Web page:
They set up little campsites with their backpacks and bottles of water and they hold their signs, explaining that they’re short on luck. Some claim to be homeless vets. Some say they’ll work for food, though I doubt that work or food is really what they want. I think they want a cash handout.

Beggars camp

College & Montezuma

My wife is a library manager and that has given her a great knowledge of the homeless and people who panhandle. She was in Pacific Beach a couple of days ago and went to a liquor store to buy a bottle of Tanqueray.

All the big bottles were locked up in cabinets behind the cash register. But right out in front of the register were open bins that were full of small vodka bottles, the kind you get if you order a drink on an airplane. To her practiced eye the message was clear: Go out and panhandle for a couple of hours until you get five bucks then come in here and buy a couple of small ones.

Panhandle is a funny work. I guess it came from a day when beggars would ask for money and hold out a pan, hoping you’d put something in there. But I’ve never seen anyone hold out a pan when they wanted money so I wonder why we say it. Maybe beggar is too impolite.


California Girls

Posted June 19, 2016 by tomfudge
Categories: Uncategorized

The stereotype of California being a blond state is enduring. My daughter’s consumption of pop culture caused her to wonder why people think the typical California girl is a blond, when in reality that didn’t seem to be the case.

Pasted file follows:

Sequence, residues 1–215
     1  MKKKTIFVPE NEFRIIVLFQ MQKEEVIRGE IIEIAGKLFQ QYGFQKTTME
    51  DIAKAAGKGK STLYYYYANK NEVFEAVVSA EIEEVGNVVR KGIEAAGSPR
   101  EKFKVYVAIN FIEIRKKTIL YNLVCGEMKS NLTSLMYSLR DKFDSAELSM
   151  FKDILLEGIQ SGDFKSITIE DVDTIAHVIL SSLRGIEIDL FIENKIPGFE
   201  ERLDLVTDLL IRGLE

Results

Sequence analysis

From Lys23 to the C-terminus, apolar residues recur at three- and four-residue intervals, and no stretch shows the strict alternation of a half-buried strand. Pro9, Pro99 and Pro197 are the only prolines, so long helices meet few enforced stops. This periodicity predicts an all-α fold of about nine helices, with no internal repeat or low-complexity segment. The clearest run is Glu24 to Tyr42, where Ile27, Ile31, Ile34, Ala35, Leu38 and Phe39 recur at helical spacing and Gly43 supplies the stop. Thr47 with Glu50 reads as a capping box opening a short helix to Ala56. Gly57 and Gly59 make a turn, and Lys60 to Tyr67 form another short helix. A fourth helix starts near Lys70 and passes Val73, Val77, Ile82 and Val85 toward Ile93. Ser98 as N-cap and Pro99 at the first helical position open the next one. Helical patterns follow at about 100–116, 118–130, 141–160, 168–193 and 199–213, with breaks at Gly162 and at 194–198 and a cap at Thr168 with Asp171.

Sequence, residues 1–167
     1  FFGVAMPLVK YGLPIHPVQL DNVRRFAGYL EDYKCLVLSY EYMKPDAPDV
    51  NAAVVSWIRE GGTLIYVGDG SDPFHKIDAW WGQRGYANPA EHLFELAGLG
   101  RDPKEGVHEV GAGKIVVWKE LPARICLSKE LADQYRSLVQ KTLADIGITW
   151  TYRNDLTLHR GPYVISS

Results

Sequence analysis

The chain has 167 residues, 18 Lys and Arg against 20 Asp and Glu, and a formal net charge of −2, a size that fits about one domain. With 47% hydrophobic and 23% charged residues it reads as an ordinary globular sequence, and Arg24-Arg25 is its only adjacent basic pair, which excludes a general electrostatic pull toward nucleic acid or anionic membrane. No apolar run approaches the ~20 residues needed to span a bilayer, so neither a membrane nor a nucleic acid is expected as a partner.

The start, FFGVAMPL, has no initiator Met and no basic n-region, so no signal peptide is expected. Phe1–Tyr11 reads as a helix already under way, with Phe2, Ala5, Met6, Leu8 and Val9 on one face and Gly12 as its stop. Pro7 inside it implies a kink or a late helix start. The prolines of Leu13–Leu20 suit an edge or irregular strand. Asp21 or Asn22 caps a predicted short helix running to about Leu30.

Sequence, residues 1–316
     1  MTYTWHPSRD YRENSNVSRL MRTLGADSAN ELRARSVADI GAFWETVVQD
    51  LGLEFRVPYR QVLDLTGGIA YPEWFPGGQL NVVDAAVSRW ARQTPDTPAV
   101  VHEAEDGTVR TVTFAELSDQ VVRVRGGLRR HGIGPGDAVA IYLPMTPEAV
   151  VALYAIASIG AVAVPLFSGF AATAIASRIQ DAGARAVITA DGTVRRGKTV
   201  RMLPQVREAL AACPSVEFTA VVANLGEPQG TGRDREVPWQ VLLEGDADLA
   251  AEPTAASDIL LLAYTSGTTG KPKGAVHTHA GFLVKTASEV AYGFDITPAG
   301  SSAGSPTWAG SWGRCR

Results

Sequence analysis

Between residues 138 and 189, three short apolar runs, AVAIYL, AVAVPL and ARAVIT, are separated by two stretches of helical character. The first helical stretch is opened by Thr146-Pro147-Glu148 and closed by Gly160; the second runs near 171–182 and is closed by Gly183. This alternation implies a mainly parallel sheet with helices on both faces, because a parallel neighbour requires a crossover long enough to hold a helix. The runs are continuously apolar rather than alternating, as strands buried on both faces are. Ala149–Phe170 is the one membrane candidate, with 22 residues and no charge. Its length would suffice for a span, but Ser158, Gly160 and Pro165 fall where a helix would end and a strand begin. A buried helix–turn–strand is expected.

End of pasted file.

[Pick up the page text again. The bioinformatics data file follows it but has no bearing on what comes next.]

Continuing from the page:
I explained as best I could, saying that during the 1930’s and 40’s lots of people from the Midwest migrated to California to flee bad times on the farm or to look for jobs in wartime factories. A lot of them came from German and Scandinavian backgrounds and they had lots of blond kids, so in the ’50s and ’60s I guess California must have looked like a very blond state.


Since then there’s been a new migration, which maybe wasn’t a migration at all because it was people from the Pacific rim retaking a place that used to be theirs. A guy I knew called it the Reconquista because a lot of those moving back were Latinos, but there were also East Asians and Filipinos… more and more of them as the blonds got fewer and fewer.

California seems destined to be a brown state and while the California girl is still an icon I we need a different picture of her. Here’s one I like.

Dizzy’s Jazz Club

Posted June 16, 2016 by tomfudge
Categories: Uncategorized

I’d never been to Dizzy’s, a jazz club in San Diego. And when I finally went it wasn’t what I expected. I went Sunday to hear a concert. Do they perform concerts in jazz clubs? Maybe not. But it featured a percussionist and a harpist who happened to be Tasha.

Dizzy's in San Diego

Dizzy’s in San Diego

I thought jazz clubs were dark places on a first floor or a basement, with a bandstand at the front, a bar on the side, round tables and chairs in the middle. But when I looked up Dizzy’s on the web it looked like a car dealership on Mission Bay. I thought, ‘This can’t be right.’ I basically refused to believe it until I got there.